A byproduct of this so-called “golden age of TV” has been the breaking of many of TV's “golden rules.”
They were unwritten, unofficial rules, of course. But over the past dozen years, with the explosion of cable channels and online outlets, many TV taboos aren't necessarily taboos any more. Here are five of them:
MOVIE STARS STICK TO MOVIES
Okay, I don't expect to see Brad Pitt or Angelina Jolie in a sitcom or a police procedural any time soon, so there still is an element of this at play. But just about every month there's an announcement of yet another well-established movie person moving to the small screen. Just off the top of my head, the recent list includes James Spader, Kevin Spacey, Kevin Bacon, Anna Faris and Matthew McConaughey. Many of them lament that the only movies being made these days are superhero blockbusters, and only about seven people star in all of them. From acting and writing and producing perspectives, TV has benefited from that shift. For story-telling right now, TV has left movies in the dark.
MAJOR CHARACTERS ARE SAFE
In the past, about the only time a major character on a TV show ever was killed off, it was because the actor or actress involved wanted to leave, or was in a contract dispute, or had become a colossal pain in the ass behind the scenes. But especially with the surge in high-quality cable fare, significant characters now die regularly for plot purposes exclusively. No one is safe, my friends (notwithstanding the recent Brian Griffin bait-and-switch on Family Guy).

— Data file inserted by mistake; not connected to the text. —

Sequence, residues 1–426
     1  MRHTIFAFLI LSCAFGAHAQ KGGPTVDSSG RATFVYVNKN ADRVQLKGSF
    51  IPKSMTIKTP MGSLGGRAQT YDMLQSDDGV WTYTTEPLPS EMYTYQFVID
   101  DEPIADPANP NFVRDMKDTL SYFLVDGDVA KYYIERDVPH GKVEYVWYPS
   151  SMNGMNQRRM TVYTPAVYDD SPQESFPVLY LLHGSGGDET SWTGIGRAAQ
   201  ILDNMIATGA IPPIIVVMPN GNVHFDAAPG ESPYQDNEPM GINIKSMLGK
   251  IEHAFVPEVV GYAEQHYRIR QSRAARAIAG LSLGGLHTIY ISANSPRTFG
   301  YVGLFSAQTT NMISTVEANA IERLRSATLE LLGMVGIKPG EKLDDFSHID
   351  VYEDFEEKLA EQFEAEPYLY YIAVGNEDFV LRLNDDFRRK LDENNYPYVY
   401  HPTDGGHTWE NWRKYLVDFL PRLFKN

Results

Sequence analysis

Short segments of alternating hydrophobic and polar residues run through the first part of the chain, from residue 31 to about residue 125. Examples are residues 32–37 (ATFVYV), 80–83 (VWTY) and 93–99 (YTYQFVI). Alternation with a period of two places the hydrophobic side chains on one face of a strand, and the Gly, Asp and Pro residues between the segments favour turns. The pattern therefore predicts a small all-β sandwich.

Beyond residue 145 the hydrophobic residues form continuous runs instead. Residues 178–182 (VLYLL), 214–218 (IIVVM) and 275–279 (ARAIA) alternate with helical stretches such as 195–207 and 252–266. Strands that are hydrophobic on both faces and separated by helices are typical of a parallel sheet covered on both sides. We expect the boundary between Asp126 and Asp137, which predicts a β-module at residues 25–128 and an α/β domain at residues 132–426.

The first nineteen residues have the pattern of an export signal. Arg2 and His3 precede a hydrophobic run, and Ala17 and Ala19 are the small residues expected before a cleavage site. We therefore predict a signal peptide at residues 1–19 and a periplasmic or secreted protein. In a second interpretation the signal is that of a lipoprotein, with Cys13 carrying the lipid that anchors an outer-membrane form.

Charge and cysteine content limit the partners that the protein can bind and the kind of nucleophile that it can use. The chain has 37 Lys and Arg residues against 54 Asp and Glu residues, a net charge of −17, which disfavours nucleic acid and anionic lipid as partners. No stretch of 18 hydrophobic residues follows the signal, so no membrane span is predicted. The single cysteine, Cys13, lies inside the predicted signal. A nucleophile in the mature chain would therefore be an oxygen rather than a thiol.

CITIES HAVE TO BE ANONYMOUS
The thought used to be that audiences couldn't relate to specific cities if they didn't happen to live in those specific cities. But many TV shows have become like mini-movies every week, and they often use cities as virtual characters, adding nuance and atmosphere to the proceedings (regardless of whether the shows actually are shot where they're set). Viewers now tend to roll their eyes when a series is set in an anonymous locale. That doesn't feel real enough for audiences anymore.
SEASONS LITERALLY MEAN SOMETHING
Another direct impact of cable flexing its muscles is the jettisoning of the traditional TV calendar. Remember when a “TV season” actually was tied to the word “season”? TV shows started in the fall. They ran until the spring. Summers were filled with reruns and goofy variety shows. These days, big-time debuts, on cable or broadcast or Netflix, can occur at any time of the year. There is no such thing as a TV off-season.
RERUNS ARE ACCEPTABLE
No, they're not. Reruns aren't just a minor annoyance any more, they are a source of great confusion to viewers, who have grown used to the cable model, i.e., 10 or 12 episodes per year, aired in consecutive weeks, save perhaps for national holidays. When audiences see a rerun now, often their first reaction is that someone has screwed up. The days of padding in this manner are over. Twenty years from now, will “rerun” be a completely obsolete word? Will anyone even know what it means?